first_imgWith the combined effect of increased ice formation between the Grand Isle, VT-Crown Point, NY, ferry crossings, as well as increased traffic at both the Northern and Southern crossings, we will be closing the Charlotte, VT, to Essex, NY, ferry crossing, until ice conditions permit in the spring. The new, free, 24-hour crossing from Chimney Point, VT, to Crown Point, NY, began on Monday. It will run 24 hours a day, every day.Lake Champlain Transportation said that relocating the vessels at this time allows it to restore the Grand Isle crossing back to its normal operating schedule, and ensures that there is duplication of service at Crown Point during heavy ice conditions.The last day of service at the Charlotte, VT –Essex, NY, crossing is Wednesday evening, with the last departure from Vermont at 5 pm and from Essex, NY at 5:30 pm.Source: Lake Champlain Transportation. 2.2.2010last_img read more

Making sure your vote counts in the August Primary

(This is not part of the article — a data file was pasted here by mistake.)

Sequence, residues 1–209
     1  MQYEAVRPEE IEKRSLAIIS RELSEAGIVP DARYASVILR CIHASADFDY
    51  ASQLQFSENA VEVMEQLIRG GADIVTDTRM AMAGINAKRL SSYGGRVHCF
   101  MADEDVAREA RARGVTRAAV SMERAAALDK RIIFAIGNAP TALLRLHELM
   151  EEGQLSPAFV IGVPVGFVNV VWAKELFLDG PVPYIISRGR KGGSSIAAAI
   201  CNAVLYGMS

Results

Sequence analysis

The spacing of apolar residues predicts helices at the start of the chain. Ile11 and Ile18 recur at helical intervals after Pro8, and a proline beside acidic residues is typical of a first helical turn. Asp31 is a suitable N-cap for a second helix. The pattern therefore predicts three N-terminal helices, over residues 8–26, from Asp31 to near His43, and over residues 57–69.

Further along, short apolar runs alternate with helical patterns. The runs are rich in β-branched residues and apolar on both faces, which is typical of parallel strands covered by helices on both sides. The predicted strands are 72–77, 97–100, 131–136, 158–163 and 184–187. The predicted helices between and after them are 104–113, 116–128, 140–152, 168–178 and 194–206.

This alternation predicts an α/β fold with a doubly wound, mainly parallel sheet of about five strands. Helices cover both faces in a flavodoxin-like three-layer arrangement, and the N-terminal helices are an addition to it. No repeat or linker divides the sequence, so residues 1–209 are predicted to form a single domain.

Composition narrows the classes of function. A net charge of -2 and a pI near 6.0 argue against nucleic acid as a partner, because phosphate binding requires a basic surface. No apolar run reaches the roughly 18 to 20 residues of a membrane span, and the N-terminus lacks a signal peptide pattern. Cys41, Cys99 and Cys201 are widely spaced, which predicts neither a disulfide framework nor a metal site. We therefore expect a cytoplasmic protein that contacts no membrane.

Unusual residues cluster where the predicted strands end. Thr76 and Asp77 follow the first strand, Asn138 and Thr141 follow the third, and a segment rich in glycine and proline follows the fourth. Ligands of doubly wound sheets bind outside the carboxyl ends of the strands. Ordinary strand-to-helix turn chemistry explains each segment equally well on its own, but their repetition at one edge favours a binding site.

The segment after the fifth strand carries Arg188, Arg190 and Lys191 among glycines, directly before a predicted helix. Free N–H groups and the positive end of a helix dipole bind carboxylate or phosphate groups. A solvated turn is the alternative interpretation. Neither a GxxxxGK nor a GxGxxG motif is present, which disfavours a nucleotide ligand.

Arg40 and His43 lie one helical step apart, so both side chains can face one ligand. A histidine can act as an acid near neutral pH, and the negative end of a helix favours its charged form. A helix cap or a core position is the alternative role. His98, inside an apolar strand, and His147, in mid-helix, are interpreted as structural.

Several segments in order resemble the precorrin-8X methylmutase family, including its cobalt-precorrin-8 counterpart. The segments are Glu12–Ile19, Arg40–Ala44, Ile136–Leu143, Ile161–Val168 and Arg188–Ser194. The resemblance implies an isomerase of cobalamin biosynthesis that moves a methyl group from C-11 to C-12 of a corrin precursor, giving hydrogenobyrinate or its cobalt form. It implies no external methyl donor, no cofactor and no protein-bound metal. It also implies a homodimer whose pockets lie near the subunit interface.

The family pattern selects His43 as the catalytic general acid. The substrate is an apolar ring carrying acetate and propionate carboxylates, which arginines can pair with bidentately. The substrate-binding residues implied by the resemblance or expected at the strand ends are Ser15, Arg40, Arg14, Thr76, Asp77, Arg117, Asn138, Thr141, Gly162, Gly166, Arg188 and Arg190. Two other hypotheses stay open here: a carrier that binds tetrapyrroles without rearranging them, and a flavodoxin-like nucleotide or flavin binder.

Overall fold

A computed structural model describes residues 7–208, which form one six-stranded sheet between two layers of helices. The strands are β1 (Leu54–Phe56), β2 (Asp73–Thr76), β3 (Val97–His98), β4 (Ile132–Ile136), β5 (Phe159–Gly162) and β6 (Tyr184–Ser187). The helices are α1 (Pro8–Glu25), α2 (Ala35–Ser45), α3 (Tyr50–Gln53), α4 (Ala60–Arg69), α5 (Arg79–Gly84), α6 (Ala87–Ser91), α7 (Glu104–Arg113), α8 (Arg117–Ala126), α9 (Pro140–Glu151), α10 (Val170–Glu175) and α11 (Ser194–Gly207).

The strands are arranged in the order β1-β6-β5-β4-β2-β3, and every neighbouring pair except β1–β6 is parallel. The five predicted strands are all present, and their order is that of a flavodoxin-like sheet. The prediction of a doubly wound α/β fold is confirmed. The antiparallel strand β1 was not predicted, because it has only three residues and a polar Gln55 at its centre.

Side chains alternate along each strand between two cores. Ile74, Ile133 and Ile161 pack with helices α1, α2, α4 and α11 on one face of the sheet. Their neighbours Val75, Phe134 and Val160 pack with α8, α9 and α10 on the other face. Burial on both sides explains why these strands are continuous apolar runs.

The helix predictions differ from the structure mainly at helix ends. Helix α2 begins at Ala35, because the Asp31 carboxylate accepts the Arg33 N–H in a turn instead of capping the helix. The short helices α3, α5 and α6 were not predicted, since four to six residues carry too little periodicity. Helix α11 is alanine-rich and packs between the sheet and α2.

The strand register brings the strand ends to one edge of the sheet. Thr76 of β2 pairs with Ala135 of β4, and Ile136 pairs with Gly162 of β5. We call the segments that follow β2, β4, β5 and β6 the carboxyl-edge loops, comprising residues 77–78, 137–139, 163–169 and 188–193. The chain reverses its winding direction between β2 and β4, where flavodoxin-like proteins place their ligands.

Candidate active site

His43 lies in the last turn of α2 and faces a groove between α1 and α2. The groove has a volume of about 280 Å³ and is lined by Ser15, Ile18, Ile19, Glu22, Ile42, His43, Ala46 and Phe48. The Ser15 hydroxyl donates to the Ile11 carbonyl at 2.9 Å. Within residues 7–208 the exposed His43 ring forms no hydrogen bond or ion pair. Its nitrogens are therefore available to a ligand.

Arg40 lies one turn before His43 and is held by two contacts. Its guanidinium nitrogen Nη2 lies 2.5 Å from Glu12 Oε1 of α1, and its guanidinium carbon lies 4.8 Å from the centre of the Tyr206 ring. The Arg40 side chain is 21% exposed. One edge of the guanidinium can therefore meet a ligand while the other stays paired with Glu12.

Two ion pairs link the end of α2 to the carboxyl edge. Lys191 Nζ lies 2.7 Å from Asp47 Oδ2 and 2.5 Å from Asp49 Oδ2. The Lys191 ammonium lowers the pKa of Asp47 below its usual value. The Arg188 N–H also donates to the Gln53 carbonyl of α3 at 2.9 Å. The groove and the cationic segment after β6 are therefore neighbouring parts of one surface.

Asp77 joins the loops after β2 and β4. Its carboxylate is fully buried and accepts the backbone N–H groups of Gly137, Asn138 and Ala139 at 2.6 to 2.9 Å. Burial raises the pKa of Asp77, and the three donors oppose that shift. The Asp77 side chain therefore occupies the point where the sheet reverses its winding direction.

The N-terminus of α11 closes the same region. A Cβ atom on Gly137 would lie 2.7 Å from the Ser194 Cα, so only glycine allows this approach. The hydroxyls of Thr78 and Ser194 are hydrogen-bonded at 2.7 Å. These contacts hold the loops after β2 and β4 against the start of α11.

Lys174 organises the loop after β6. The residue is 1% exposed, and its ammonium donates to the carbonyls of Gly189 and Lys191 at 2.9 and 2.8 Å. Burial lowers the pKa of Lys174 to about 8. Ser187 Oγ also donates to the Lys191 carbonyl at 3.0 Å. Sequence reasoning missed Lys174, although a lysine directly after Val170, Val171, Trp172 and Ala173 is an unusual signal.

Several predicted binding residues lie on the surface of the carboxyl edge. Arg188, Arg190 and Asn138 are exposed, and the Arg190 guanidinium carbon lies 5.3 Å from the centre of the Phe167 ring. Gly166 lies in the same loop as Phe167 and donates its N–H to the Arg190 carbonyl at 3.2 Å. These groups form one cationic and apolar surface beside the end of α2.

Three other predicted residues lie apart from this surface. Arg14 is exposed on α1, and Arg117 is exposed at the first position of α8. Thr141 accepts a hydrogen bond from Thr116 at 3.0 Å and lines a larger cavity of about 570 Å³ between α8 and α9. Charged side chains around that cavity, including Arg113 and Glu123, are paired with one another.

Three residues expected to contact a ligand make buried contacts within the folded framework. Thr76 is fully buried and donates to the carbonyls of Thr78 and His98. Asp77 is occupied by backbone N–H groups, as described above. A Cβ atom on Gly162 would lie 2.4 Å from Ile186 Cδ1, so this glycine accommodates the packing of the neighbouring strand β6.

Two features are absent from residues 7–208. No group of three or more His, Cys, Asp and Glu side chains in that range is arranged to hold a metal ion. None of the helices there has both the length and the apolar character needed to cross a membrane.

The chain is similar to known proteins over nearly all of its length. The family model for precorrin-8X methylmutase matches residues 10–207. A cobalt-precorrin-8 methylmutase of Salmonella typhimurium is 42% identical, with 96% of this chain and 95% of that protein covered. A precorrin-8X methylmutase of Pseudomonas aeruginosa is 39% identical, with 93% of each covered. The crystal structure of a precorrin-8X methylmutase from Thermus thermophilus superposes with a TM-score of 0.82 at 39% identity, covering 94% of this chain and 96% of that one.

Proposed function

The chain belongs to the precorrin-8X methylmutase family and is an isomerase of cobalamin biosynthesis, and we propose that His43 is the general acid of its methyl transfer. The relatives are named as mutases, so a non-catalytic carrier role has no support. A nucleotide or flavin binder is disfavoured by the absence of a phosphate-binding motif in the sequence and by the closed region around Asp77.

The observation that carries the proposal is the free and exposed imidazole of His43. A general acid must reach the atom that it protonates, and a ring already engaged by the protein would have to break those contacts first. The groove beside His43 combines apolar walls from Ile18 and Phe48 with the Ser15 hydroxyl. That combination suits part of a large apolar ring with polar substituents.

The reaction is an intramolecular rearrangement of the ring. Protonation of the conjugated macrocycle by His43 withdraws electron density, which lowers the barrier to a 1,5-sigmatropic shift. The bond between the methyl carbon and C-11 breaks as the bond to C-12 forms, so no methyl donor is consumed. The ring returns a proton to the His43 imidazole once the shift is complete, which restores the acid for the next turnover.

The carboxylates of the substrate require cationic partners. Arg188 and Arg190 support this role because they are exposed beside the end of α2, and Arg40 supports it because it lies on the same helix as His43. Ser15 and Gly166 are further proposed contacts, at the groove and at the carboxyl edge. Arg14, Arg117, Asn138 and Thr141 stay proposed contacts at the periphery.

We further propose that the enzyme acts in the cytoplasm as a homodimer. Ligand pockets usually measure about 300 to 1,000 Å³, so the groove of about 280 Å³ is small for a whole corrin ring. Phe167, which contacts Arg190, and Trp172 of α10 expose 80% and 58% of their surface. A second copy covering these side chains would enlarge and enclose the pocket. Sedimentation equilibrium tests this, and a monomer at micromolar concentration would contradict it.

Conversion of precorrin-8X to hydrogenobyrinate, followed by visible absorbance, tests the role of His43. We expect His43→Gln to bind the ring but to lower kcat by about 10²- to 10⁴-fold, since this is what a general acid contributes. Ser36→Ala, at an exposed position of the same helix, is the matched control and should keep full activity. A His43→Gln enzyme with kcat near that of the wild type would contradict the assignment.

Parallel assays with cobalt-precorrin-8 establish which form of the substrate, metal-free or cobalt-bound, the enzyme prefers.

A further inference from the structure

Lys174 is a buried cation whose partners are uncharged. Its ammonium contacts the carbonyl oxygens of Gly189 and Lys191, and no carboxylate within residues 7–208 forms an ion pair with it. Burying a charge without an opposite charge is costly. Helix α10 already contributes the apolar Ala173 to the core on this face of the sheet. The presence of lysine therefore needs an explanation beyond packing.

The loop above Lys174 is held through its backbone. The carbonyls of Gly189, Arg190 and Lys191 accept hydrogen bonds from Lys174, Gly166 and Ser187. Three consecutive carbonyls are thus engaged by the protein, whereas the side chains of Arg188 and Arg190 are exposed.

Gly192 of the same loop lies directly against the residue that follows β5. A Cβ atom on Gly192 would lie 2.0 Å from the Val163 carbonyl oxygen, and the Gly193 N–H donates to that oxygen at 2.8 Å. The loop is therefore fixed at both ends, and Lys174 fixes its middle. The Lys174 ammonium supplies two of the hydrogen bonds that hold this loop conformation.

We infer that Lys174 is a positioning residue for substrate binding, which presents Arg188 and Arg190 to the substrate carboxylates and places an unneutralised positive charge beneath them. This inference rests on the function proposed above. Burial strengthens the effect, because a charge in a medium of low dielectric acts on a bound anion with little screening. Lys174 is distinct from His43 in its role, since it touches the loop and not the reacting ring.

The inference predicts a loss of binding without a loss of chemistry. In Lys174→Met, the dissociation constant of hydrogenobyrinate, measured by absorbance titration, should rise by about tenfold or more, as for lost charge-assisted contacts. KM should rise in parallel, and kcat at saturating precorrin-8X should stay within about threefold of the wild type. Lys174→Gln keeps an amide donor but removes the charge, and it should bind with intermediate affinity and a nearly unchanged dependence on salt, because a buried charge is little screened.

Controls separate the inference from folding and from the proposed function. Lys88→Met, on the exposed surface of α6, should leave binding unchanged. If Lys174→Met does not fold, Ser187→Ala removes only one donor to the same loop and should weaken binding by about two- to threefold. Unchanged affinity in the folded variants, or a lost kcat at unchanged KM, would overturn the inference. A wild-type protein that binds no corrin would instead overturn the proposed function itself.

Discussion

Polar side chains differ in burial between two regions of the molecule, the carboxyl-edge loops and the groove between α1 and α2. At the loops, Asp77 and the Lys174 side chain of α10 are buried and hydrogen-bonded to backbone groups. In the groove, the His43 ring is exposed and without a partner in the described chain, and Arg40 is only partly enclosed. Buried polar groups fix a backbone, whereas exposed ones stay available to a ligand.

first_imgAddThis Sharing ButtonsShare to FacebookFacebookShare to TwitterTwitterShare to MoreAddThisAlpena — For most Michiganders, they know the drill when it comes to voting in a primary election.For new voters and voters moving from a different state, it might not be as crystal clear. On the partisan part of the ballot, a citizen will see a Democratic candidate column, a Republican candidate column, and a Libertarian candidate column. A voter cannot vote in different parties. They need to stay in their lane.“When we say stay in your lane, we mean from the governor choice on down to your county commissioner, that all has to be in the same party,” said Dottie Haase, President of the League of Women Voters in Alpena County.The importance of voting in the party a voter’s views aligns with is so the vote will not be declared invalid. For example, voting for a Republican governor candidate and a Democratic state representative would throw away the vote. Voters can vote on non-partisan races like candidates running for a judge. These races are located in a separate column, under no party affiliation. Ballot issues are separate as well and don’t fall under a specific party. Michigan has a closed primary. Haase sees this primary having the potential to attract more voters ahead of November.“More women are running than ever before and we’re excited about that so it’ll just be interesting to see if we have a bigger turnout,” said Haase. “I’m hoping Alpena County has a huge turnout, more than normal.”To learn more about your local elections and what will be on your ballot on August 7, visit the Secretary of State website to navigate to your area (https://www.michigan.gov/sos/).For more on the League of Women Voters of Alpena County, visit the website (http://www.lwvalpenacounty.org/index.html).AddThis Sharing ButtonsShare to FacebookFacebookShare to TwitterTwitterShare to MoreAddThisContinue ReadingPrevious What’s Trending for July 17Next What’s Trending for July 18last_img read more